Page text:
Beyond these immediate efficiencies, Lenovo is committed to leaving a lasting legacy on the island. The Lenovo tech hub will migrate to the local library to provide residents with access to new educational and digital tools. Lenovo is also donating US$100,000 for its tech hub maintenance, ongoing project support, and continual internet access for vital services to improve healthcare and education. Lenovo has already donated more than 100 tech devices to the community and conservation team.
David Will, Head of Innovation at Island Conservation, comments: “Thanks to the collaboration and technology provided by Lenovo, we are now able to implement consistent data collection, develop manageable machine learning workflows turning camera photos into data, and provide real-time access to the data. We have now effectively overcome the barriers we previously faced without sufficient internet connectivity and completely transformed the way our team works as we are now able to significantly reduce precious time to help us achieve our goals.”
“Within months of first connecting this remote island community to advanced technology, and a group of passionate individuals, we have already seen technology’s significant impact on Robinson Crusoe Island — speeding up their precious conservation work by 100%. This is the power of smarter technology for all,” said Emily Ketchen, Vice President and CMO of Intelligent Devices Group, Lenovo. “Our work is not over though, as Lenovo is committed to ensuring our impact is positively felt for years to come.”
Pablo Manríquez Angulo, Mayor of Robinson Crusoe, adds: “Work for Humankind did exactly what it set out to do. For the first time ever, a group of talented, driven volunteers around the world came together to use technology and their range of skills to truly leave a lasting impact on the island.
From experts in social media, a vet, sustainability professionals to digital nomads, all volunteers added a different layer to the initiative and along with the community, the experience was enriching and a real once-in-a-lifetime opportunity.
The volunteers from Work for Humankind have laid down the foundations now to really help a remote island community make a positive difference, and now through the Lenovo legacy, it’s over to our community to continue making significant headway, armed with new skills and their passion enlightened.”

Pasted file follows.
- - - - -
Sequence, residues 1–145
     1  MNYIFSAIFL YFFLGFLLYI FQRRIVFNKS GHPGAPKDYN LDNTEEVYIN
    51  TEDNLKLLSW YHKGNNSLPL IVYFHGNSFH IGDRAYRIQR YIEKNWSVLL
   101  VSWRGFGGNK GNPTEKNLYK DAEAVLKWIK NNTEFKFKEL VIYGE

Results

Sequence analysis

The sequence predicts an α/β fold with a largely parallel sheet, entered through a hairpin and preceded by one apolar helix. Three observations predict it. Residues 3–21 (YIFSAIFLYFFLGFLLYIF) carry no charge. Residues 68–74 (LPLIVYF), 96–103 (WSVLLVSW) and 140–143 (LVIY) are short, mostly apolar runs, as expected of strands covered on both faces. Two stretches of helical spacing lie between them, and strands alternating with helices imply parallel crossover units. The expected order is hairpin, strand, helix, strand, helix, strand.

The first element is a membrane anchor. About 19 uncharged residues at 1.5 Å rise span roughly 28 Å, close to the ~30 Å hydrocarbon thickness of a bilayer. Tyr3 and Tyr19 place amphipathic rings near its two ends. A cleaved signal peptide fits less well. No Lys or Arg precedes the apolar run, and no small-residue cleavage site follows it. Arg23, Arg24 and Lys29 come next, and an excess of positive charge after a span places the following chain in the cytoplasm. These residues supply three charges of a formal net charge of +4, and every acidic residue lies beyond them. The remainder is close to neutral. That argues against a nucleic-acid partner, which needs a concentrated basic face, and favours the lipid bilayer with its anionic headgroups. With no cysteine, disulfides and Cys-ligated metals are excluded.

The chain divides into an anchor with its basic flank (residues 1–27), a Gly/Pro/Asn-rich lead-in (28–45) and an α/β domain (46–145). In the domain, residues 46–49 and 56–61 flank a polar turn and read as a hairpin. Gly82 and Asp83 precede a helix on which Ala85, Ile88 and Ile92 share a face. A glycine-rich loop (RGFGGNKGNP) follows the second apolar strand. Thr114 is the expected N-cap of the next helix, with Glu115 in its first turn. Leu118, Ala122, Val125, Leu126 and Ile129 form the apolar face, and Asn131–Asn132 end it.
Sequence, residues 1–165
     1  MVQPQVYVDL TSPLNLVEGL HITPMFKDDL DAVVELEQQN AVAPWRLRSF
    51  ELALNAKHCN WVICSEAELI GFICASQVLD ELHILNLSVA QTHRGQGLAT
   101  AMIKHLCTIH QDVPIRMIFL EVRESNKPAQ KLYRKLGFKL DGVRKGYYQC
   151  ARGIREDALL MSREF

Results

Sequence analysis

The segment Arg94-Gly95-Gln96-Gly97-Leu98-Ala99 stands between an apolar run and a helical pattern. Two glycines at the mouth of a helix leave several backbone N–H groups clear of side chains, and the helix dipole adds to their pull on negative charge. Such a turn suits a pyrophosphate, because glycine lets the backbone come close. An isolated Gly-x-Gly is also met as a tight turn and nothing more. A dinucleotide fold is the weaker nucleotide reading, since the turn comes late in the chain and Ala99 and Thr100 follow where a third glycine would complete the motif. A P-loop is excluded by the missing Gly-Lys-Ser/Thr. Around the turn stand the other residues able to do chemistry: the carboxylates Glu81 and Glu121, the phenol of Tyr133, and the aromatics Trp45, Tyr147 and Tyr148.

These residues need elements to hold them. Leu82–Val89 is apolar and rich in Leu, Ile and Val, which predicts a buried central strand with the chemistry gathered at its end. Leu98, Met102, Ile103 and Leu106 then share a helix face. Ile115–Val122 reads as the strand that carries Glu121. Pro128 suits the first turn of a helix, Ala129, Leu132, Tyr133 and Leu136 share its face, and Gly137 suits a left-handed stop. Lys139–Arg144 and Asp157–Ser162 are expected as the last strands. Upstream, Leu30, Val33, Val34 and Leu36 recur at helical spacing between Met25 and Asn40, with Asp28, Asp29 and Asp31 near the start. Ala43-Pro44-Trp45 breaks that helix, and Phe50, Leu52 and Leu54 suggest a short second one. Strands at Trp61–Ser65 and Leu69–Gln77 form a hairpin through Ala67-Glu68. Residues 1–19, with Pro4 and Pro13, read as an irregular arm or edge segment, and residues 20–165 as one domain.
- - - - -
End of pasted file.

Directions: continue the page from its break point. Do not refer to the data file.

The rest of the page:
About Work for Humankind Research Report
This new global research study surveyed more than 15,000 people in eight languages across 10 global markets: Brazil, China, France, Germany, India, Italy, Japan, Mexico, the UK, and the US. The research builds on Lenovo’s journey toward understanding the powerful connection between technology and humanity, which began with the “This is Life” project, “New Realities” and the “Kind City” project. They uncovered that people believe smarter technology can make us feel more empowered, empathetic, and giving, while allowing humankind to continue to grow personally and professionally.
About Robinson Crusoe Island
Robinson Crusoe Island or Isla Robinson Crusoe, formerly known as Más a Tierra (meaning ‘Closer to Land’) is the second largest of the Juan Fernández Islands archipelago. It is located to the west of San Antonio, Chile, in the South Pacific Ocean. It is one of the more populous of the archipelago’s inhabited islands, with the majority living in the town of San Juan Bautista at Cumberland Bay on the Island’s north coast. The Chilean government renamed the location as Robinson Crusoe Island in 1966, in reference to its literary legacy – acting as the inspiration behind novelist Daniel Defoe’s fictional Robinson Crusoe.
About the Juan Fernandez Community
Roughly 900 people live in San Juan Bautista, Robinson Crusoe Island a rural community in one of the most remote locations in Latin America. The local economy relies heavily on a sustainably managed artisanal fishery of a lobster that occurs nowhere else in the world. The community has led efforts to protect its natural heritage with support of local institutions by establishing a National Park in 1995, a UNESCO Biosphere Reserve in 1977, and the Juan Fernandez Sea Marine Park which covers 286,000 km2 of protected area. Local tourism includes the many natural beauties of the island, its culture, diving, horseback riding, bird watching, fishing and of course the stories and places of the famous novel ‘Robinson Crusoe’ by Daniel Defoe.
About Island Conservation
Island Conservation is a global, not-for-profit conservation organization that prevents extinctions and restores islands. We work where the concentration of both biodiversity and species extinction is the greatest – islands. Removing a primary threat – introduced invasive vertebrates – is one of the most critical interventions for saving threatened plants and animals. Native island species and ecosystems often recover with little additional intervention, and when animals have gone locally extinct, we reintroduce them. Island Conservation assists land managers and local communities to implement their visions. To date, we have successfully restored 65 islands worldwide, benefiting 1,218 populations of 504 species and subspecies. Learn more at https://www.islandconservation.org/.